To be in prison so long, it's difficult to remember exactly what you did to get there.
I am an expert of electricity. My father occupied the chair of applied electricity at the state prison.
To try to raise a son from inside the prison walls is a very difficult thing. But I want to say to the world my son at 16 was the one who tried the most to get me out of prison.
Once we are destined to live out our lives in the prison of our mind, our duty is to furnish it well.
It isn't true that convicts live like animals: animals have more room to move around.
Written laws are like spiders' webs, and will, like them, only entangle and hold the poor and weak, while the rich and powerful will easily break through them.
I can tell you this on a stack of Bibles: prisons are archaic, brutal, unregenerative, overcrowded hell holes where the inmates are treated like animals with absolutely not one humane thought given to what they are going to do once they are released. You're an animal in a cage and you're treated like one.
The English laws punish vice; the Chinese laws do more, they reward virtue.
The uneven impact of actual enforcement measures tends to mirror and reinforce more general patterns of discrimination (along socioeconomic, racial and ethnic, sexual, and perhaps generational lines) within the society. As a consequence, such enforcement (ineffective as it may be in producing conformity) almost certainly reinforces feelings of alienation already prevalent within major segments of the population.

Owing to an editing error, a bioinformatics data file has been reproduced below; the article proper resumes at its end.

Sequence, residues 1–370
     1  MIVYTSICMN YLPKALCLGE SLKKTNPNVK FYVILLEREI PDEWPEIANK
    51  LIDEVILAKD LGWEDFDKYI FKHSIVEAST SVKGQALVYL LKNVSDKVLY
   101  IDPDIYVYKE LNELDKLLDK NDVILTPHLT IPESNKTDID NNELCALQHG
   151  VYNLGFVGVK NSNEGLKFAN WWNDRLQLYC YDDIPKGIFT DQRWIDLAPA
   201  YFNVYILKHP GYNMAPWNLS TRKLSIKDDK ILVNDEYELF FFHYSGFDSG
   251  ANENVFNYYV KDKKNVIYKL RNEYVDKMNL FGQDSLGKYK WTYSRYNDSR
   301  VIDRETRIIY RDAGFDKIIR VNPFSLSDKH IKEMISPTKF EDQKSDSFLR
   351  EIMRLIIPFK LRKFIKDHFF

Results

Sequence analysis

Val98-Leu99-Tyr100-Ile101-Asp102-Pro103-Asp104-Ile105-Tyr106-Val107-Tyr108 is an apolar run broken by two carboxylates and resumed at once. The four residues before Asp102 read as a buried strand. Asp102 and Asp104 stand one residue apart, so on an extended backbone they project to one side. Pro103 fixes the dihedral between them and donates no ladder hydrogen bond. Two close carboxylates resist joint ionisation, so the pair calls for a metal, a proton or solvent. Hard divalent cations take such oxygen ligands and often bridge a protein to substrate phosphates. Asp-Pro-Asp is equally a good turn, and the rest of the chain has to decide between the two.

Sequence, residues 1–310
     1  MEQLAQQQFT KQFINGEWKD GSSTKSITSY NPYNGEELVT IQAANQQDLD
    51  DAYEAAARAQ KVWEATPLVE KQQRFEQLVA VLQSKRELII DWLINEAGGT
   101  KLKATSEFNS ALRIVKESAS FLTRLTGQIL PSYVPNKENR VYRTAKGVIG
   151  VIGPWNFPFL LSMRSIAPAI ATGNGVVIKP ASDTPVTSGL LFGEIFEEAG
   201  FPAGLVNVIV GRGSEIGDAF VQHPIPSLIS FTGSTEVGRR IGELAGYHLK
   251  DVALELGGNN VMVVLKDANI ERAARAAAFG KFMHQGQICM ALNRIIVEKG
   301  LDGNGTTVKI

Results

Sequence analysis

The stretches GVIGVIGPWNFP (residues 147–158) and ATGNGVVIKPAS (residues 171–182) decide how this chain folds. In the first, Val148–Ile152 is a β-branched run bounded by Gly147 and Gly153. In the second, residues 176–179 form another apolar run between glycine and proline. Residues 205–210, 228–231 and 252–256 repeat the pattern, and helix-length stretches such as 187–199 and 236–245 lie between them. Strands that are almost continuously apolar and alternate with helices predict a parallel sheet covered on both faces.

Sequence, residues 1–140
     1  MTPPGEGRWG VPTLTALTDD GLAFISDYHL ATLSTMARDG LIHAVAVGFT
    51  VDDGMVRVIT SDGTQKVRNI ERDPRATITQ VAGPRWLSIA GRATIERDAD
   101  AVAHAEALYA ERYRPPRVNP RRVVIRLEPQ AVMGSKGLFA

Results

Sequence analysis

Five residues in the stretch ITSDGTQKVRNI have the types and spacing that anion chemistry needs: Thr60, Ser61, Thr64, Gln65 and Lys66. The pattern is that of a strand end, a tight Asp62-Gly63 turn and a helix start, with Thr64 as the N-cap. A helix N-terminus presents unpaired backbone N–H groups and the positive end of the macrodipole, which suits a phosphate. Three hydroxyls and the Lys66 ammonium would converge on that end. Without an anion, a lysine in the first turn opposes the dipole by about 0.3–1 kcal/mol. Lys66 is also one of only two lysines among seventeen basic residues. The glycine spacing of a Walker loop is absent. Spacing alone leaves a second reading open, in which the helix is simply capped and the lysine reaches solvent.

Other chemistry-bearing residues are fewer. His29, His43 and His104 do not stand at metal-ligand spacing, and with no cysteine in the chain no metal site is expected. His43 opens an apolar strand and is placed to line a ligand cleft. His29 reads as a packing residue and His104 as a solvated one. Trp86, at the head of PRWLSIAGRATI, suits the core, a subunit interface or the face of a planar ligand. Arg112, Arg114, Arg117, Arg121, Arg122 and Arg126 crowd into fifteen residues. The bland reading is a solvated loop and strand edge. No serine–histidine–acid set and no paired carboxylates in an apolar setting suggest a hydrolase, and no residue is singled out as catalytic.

Whatever is worthy to be loved for anything is worthy of preservation. A wise and dispassionate legislator, if any such should ever arise among men, will not condemn to death him who has done or is likely to do more service than injury to society. Blocks and gibbets are the nearest objects with legislators, and their business is never with hopes or with virtues.
The mellow sweetness of pumpkin pie off a prison spoon is something you will never forget.
If punishment reaches not the mind and makes not the will supple, it hardens the offender.
There are few better measures of the concern a society has for its individual members and its own well being than the way it handles criminals.
The torment of human frustration, whatever its immediate cause, is the knowledge that the self is in prison, its vital force and 'mangled mind' leaking away in lonely, wasteful self-conflict.
When the Nazis came for the communists, I remained silent; I was not a communist. When they locked up the social democrats, I remained silent; I was not a social democrat. When they came for the trade unionists, I did not speak out; I was not a trade unionist. When they came for me, there was no one left to speak out.
Nor cell, nor chain, nor dungeon speaks to the murderer like the voice of solitude.
It is impossible to go through life without trust: That is to be imprisoned in the worst cell of all, oneself.
A country is in a bad state, which is governed only by laws; because a thousand things occur for which laws cannot provide, and where authority ought to interpose.
Three hundred years ago a prisoner condemned to the Tower of London carved on the wall of his cell this sentiment to keep up his spirits during his long imprisonment: “It is not adversity that kills, but the impatience with which we bear adversity.”